Finding a Language Mentor
Finding a language mentor or conversation partner can be a difficult task for independent language learners depending on their individual needs. For example, some language learners prefer to have a language mentor who lives in the same city so that they can meet and communicate in person, but they do not know any local Luganda-speakers. Others may not mind if their partner lives in another part of the world, but because of economic, technological, or other limitations, a long distance mentor is not a realistic. And still others might find a long distance mentor attainable and even ideal, but do not know where to look or how to cultivate a relationship. Here are a few ideas for finding a language mentor to help learners with a variety of needs and resource accessibility.
1) Start at your own or a local university
Even though most universities do not offer Luganda language courses, there are still departments and programs on campus that can help you meet Luganda-speakers and instructors. Search through the faculty online of African languages or African Studies departments. There may be faculty members from or specializing in Uganda languages or studies. If so, email them to see if they know any Luganda speakers or instructors. You can also ask faculty members or graduate students you find on department websites if they know of any related community groups or events that could create opportunities for you to meet Luganda-language speakers. If you do not have luck within individual departments, you might want to ask if that university has a Center for African Studies or other programs that could also be helpful.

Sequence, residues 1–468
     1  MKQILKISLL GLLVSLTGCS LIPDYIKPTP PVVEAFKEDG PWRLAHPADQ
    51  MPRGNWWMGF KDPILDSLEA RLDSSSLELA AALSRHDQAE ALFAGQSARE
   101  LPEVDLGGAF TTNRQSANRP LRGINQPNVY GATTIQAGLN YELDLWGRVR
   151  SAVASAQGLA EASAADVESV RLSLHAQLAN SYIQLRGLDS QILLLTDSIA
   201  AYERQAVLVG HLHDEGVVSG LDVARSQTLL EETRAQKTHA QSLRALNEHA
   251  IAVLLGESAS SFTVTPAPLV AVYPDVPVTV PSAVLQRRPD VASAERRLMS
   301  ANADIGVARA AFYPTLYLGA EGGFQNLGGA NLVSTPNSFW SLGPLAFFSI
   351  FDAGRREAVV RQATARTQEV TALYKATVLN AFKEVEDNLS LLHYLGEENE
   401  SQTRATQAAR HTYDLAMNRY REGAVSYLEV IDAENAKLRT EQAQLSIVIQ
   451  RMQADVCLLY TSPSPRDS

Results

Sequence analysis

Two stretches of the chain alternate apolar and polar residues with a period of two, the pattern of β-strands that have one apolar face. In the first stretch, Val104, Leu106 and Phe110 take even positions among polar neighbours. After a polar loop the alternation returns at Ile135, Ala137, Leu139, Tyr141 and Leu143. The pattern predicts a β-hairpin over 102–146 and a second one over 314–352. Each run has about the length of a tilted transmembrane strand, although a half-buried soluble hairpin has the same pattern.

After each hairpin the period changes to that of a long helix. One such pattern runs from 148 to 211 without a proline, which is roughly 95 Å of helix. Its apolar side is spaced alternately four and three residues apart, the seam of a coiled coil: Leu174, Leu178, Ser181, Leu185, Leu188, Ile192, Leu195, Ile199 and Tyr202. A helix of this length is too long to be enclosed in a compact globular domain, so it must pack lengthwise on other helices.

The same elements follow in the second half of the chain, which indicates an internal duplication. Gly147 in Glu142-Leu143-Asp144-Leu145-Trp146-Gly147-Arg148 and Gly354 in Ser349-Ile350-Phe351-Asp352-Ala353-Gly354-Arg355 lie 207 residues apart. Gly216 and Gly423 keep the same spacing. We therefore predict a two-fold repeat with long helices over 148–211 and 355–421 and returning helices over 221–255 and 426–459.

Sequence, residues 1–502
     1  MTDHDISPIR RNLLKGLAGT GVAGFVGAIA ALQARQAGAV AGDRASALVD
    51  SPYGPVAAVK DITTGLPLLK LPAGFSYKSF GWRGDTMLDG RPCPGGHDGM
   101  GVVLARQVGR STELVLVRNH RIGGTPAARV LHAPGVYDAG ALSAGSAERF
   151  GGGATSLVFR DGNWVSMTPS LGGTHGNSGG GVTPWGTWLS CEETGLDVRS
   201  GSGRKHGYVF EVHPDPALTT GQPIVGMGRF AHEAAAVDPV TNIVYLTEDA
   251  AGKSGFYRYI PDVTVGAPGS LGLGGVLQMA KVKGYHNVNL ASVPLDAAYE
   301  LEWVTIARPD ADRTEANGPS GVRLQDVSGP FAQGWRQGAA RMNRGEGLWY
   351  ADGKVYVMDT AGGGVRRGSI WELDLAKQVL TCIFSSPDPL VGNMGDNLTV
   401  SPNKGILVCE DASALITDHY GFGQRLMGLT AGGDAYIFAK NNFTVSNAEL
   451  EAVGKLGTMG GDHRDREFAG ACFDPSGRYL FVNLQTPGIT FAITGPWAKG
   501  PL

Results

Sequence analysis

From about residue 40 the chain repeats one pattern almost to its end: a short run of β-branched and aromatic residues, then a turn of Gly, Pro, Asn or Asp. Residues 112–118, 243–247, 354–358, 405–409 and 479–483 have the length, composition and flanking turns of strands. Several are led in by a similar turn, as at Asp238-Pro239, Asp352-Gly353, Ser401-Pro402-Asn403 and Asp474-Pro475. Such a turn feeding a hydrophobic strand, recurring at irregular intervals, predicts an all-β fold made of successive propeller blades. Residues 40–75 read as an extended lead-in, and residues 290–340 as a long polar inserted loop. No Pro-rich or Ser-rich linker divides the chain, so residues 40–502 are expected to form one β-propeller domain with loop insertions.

2) Utilize Academic listservs
Africanist scholars and students have become increasingly connected through online platforms and communities. Joining these communities, such as H-Net, allow members to communicate with one another through email listservs and online discussion forums. You could send a message to the H-Africa listerv (though there are many others too), and ask if anyone knows a Luganda instructor. This could also be a great way to connect with other Luganda learners.
3) Social Media
Social media platforms like Facebook are incredibly useful resources for independent language learners. There are several pages dedicated to Luganda-speakers and Uganda- related groups. The great thing about social media is that it is not exclusive to university students and academics. Anyone can join these groups or view these pages, and you may find a conversation partner (or partners) in unexpected places.
Uganda Studies Association Facebook Page: https://www.facebook.com/groups/128988362021/
4) Reach out to Ugandan language programs
If you are willing and able to have a long-distance language mentor, there are several great instructors, programs, and schools in the Kampala metropolitan area that are eager to take on more students. City Language Center is the main place where Luganda speakers go for lessons in Uganda. They will put you in touch with an instructor and can help set up lessons via Skype. Makerere University’s African Languages department also accommodates Foreign students, and support establishing relationships between American and Uganda Luganda students.
City Language Center Kampala:
African Language Program at Makerere University: http://llc.mak.ac.ug/departments/african-languages